A mum, dad and their three kids from Tasmania, go on an epic adventure in Borneo for 3 weeks in December
Category Archives: Travel
January 9, 2012Posted by on
It was a 5.30 start this morning and a huge day of fishing getting home around 9.30pm but I can’t sleep. Together with Christmas presents and Nani’s relentless shopping she will be flying Tiger Airways to KL where we will rejoin and fly through to Melbourne on AirAsia. There are two things I’m panicking about. One is that I’d asked Nani to call Tiger and book a check-in bag for Abbey (Tiger don’t allow this to be done online whereas AirAsia does) for all the extra stuff we’ve accumulated. I find out she hasn’t done it and she wants me to sort it out. She says she couldn’t get to a phone all day today. Hmmm. The second thing I’m really worried about is that I discover that there are in fact two airports in Kuala Lumpur about twenty kilometers apart and I heard that Tiger flies into KLIA whereas AirAsia will depart from LCCT. This means Nani will have to virtually run through KLIA customs (people hurrying through customs is not a good look), get a taxi and whip over to LCCT to catch our international flight out, with no time to spare.
I call a friend in Singapore who works for Tiger and he’s going to see if he can fix something with the baggage, but given that their call centre doesn’t open til 9am tomorrow, and Nani’s flight is 10, it looks slim. On the plus side, he assures me Tiger does fly into LCCT. I’m relieved. I can sleep now, but the taxing day hasn’t done any favors to my chest infection and I double over whenever I cough.
We eat a huge breakfast before saying farewell to Mark and Deb and their wonderful family. Jonathan doesn’t come down to stay goodbye to the boys because he’s a bit teary. I tell Ong Jia Chen the miniature whirlwind that if he eats and sleeps well, I’ll see him again one day when he’s bigger (time doesn’t mean much to four year olds). I tell him that he doesn’t need his mum to feed him anymore.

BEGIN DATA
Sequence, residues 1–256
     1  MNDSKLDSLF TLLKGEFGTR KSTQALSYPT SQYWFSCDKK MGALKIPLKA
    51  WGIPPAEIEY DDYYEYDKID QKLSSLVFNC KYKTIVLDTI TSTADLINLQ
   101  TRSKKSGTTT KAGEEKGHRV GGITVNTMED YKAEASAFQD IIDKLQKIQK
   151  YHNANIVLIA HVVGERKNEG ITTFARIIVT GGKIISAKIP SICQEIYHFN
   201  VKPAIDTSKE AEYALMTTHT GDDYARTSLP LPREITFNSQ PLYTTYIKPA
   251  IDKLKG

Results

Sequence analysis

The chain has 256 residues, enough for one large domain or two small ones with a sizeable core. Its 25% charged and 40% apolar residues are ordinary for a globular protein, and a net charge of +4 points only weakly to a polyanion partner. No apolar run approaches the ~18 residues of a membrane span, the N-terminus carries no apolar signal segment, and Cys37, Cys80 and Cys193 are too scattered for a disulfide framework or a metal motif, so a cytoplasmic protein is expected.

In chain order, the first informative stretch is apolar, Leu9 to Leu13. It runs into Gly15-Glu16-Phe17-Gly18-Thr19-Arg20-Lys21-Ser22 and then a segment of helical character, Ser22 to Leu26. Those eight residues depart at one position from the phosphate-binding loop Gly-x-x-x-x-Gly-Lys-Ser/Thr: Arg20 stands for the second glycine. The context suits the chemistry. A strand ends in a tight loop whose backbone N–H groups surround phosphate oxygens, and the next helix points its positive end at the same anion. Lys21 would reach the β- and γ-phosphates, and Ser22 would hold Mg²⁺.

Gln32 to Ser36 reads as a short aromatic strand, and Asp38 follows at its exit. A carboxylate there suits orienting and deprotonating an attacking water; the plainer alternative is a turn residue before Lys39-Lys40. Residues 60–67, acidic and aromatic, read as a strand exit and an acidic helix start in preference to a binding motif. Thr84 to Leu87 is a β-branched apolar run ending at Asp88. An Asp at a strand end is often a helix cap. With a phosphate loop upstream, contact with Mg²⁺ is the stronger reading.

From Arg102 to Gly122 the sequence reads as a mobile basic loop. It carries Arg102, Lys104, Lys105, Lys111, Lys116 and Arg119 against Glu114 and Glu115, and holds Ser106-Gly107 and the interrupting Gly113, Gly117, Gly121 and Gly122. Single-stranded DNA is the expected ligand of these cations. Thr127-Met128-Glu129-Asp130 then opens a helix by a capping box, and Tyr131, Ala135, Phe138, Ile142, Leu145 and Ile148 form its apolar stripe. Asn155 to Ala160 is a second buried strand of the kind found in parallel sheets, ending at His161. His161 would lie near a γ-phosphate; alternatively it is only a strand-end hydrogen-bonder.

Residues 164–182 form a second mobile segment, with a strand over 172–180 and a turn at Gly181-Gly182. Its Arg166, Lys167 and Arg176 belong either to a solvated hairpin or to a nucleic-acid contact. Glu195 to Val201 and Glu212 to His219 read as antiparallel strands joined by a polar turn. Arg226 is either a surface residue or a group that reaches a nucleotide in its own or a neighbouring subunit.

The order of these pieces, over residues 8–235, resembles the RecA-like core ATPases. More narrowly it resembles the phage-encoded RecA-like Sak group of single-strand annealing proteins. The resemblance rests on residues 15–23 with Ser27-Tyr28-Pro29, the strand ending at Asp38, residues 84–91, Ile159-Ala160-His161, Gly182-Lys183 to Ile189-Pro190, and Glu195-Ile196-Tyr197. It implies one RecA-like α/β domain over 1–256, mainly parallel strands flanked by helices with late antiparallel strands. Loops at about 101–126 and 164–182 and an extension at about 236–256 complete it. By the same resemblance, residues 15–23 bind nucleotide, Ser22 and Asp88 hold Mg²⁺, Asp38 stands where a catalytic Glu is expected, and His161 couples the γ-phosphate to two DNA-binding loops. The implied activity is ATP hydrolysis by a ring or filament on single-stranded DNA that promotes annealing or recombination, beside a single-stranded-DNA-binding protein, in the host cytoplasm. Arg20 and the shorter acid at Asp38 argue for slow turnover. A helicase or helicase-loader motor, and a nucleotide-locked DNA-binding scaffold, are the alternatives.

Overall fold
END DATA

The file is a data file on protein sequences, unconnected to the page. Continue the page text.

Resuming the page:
At KL Sentral buses seem to leave every two to three minutes (basically as soon as they’re full) and only costs some paltry 6RM for adults and half that for kids for the 75 minute trip to LCCT. On the way we pass the Malaysian Sepang Moto GP circuit. We bump into a flustered Nani at the airport after first spotting Abbey. She has had a drama trying to check in her luggage at the wrong terminal. Thinking she could save time by scanning her bags (an operation performed before baggage check-in) while waiting for us she has had an altercation with a bunch of what she describes as Arab men. Apparently they accused her of cutting the queue and made her get to the back, whilst ushering their mates in front of her. The irony is, she was at domestic, and we were flying international and there’s no need to scan bags prior to check in. I find out that an announcement was made on the Tiger flight to wish Abbey a happy 7th birthday and the captain personally met her.
On AirAsia, Abbey lets the flight attendants know it’s her birthday following on from the success she had on the Tiger flight from Singapore. A group of the flight attendants come down and sing happy birthday to her, and one re-sings it in Korean. They present her with a cute little AirAsia bear. Abbey of course is delighted.
Ahead of where I sit, I notice some beautiful marketing from tourism Malaysia on the bulkhead. It’s a huge poster covering most of the space available. A gorgeous looking Asian couple runs down a white tropical beach. Her yellow sun dress flies in the breeze with a full head of jet black flowing hair behind. He is in a white cotton shirt and knee length khaki shorts. Laughing with gay abandonment they run bare footed, hand in hand toward… the camera I suppose. In the corner written in white script, are the words;
Tranquil Nature. With her tranquil waters and clear blue skies, it is the perfect place for that getaway you deserve. Watch the sun rise and set with your loved one, or spend the day frolicking on the beach with your family and friends. It’s not what you do, it’s where you do it. Malaysia. Truly Asia.